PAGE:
Cardiologist on National Taco Day: Eating Only Tacos is Good For You

Jennifer Aniston is reportedly a fan of the vegan-based Taco Cleanse. Noam Galai/Getty Images

Today is not Taco Tuesday but National Taco Day, which means it's a good day to revisit the Taco cleanse. Created by four friends over a round of margaritas and talk about their heavy consumption of the popular food, the diet is so enticing that Jennifer Aniston ordered the Taco Cleanse book mid-interview after the reporter mentioned it in passing.

It's a spoof on typical restrictive-eating plans, and co-creator and author Molly Frisinger stresses that it's meant to be taken as a joke, saying it's a "cleanse for the soul."

Related: Why do hipsters mock vegans?

"So many people tell me that they felt so much happier doing the Taco cleanse," Frisinger tells Newsweek. "I don't think many people mention their weight to us one way or another."

The premise is simple: Eat tacos for breakfast, lunch and dinner. You can eat whatever you want as snacks, and supplementing the tacos with tequila is strongly advised, says Frisinger. And while most cleanses are drawn-out, like the month-long Whole30, people can follow this plan for one, three, seven or 30 days.

There is one additional caveat. The cleanse is vegan, which may change things if you love filling tortillas with carne asada instead of kale and sweet potatoes. But if that hasn't deterred you, an all-taco diet actually has a lot of health benefits, despite being a semi-joke.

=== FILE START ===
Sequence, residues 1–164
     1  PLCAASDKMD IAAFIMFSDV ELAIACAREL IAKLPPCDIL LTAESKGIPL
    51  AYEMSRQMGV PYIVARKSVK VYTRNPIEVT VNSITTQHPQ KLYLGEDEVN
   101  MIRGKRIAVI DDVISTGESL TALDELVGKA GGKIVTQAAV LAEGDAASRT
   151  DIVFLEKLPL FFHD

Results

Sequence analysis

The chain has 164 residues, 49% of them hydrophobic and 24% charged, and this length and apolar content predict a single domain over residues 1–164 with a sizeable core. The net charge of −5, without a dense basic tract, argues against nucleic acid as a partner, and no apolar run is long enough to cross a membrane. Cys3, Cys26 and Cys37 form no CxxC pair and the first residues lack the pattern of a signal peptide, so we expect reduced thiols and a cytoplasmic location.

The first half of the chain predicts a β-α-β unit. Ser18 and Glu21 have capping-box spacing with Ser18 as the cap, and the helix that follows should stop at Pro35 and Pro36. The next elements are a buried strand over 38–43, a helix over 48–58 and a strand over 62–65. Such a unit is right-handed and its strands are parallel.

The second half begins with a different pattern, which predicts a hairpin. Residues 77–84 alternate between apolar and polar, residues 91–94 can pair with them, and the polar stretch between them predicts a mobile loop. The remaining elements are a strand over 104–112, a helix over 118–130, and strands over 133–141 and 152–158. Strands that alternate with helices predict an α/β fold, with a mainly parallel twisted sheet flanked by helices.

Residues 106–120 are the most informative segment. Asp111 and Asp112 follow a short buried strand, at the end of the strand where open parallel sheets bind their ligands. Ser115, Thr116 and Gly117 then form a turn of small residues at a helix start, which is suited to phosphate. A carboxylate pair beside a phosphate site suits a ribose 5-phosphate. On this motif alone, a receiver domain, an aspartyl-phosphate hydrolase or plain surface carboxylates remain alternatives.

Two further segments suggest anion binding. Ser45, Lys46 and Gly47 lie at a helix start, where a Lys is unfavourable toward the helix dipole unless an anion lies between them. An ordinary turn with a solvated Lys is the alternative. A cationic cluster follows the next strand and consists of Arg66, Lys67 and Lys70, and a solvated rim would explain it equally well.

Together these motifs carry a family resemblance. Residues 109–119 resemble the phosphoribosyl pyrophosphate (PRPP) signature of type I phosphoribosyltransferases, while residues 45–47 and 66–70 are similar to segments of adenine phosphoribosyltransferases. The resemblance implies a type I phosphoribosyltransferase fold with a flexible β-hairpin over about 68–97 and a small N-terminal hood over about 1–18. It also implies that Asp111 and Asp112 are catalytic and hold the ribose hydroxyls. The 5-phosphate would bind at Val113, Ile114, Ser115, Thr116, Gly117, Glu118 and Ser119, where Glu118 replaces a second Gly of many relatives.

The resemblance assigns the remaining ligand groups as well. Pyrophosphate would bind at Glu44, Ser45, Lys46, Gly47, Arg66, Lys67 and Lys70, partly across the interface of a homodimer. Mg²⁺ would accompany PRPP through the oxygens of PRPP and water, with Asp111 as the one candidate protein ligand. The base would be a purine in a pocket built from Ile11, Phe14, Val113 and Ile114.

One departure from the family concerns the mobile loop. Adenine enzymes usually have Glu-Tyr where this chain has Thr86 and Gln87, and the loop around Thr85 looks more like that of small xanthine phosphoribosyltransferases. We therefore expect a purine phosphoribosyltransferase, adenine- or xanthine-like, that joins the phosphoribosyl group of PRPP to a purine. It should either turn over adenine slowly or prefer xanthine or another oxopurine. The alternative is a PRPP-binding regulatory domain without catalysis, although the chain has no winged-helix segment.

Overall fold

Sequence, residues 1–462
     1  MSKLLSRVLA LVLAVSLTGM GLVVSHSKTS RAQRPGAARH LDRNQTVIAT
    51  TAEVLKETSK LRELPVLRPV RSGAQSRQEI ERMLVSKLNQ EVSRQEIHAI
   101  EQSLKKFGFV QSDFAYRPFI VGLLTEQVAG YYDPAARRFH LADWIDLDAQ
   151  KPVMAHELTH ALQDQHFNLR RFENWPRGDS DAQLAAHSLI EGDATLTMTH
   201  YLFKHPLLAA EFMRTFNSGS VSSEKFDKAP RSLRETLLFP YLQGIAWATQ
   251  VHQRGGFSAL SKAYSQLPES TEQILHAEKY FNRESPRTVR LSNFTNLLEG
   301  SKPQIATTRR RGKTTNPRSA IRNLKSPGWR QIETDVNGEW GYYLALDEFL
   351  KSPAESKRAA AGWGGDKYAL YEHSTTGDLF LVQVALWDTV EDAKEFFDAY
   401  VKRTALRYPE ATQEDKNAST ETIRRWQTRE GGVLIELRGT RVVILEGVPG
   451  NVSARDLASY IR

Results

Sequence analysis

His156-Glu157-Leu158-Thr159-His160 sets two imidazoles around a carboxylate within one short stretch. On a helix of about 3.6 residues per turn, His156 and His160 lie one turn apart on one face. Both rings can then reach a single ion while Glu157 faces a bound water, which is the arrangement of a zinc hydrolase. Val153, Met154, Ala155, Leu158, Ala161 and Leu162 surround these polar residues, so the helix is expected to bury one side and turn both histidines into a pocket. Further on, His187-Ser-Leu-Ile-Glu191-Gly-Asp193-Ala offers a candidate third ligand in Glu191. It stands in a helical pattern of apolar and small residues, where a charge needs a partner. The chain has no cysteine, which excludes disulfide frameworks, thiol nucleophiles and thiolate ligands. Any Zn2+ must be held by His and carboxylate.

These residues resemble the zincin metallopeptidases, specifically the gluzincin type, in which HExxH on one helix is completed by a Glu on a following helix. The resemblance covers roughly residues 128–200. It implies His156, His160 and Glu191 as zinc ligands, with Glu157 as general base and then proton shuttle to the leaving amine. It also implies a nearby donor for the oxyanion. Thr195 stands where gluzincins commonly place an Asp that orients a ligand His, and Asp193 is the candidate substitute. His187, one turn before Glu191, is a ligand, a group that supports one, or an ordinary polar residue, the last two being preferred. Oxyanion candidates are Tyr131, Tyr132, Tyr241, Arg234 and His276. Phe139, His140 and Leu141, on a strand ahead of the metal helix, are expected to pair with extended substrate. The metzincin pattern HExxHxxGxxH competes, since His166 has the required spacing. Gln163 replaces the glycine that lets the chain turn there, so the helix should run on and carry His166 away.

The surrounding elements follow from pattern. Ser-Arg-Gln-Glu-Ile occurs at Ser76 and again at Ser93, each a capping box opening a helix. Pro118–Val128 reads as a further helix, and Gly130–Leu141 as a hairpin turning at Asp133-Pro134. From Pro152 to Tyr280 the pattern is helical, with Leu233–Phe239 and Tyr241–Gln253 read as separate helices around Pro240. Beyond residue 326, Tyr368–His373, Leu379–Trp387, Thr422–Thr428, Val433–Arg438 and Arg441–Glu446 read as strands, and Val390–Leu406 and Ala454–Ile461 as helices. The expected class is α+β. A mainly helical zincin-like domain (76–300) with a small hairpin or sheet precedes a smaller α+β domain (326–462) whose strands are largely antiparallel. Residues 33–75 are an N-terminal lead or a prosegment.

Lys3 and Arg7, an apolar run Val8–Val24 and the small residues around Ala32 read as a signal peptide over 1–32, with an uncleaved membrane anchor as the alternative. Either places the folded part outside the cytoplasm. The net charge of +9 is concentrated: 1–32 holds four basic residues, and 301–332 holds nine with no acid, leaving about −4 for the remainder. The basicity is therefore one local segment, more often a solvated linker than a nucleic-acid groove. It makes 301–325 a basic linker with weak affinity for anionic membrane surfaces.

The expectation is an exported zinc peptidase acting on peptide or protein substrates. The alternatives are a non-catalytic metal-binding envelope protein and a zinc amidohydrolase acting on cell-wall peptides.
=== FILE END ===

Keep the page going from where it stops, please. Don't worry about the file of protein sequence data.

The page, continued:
"I think the idea of it is pretty great," says Eugenia Gianos, a cardiologist at NYU Langone Health. "The fact that it's promoting a vegan diet is a benefit."

Gianos explains that when it comes to eating for your health, research shows that the Mediterranean and vegan diets are the best for reducing cancer and heart-disease risk—as long as they're done properly.

"Simply eating vegan is not going to automatically help you have a healthier diet," says Liz Sanders of the International Food Information Council Foundation. "A plant-based diet could actually be unhealthy if it is lacking key nutrients."

To ensure your cleanse nourishes more than just your soul (as it was originally intended), Gianos offers up three tips:

Avoid Highly Processed Shells

The cardiologist cautions against eating highly processed corn tortillas for every single taco. Instead, opt for a variety of whole-grain "shells," like pitas or flour tortillas.

Experiment With Fillings

One of the diet's best attributes is that the taco shell is really just a conduit for delivering healthy foods like kale, butternut squash and plantains. Gianos recommends prepping a variety of vegetables, fruits, good fats, avocados and nuts so you can easily assemble the filling at mealtime.

Limit Your Margaritas

Gianos says one of her concerns is the book's liberal attitude about alcohol. If you actually want to follow the plan for health reasons, it's best to steer clear of the "supplements" chapter featuring margarita recipes.

For anyone considering going vegan, adopting the Taco cleanse could be a healthy (and more bearable) way to give up animal products.

"I think this whole idea with the tacos is actually pretty interesting because it does suggest that it can be done in a fast, fun, easy manner," Gianos says.

Happy National Taco Day—go forth and cleanse.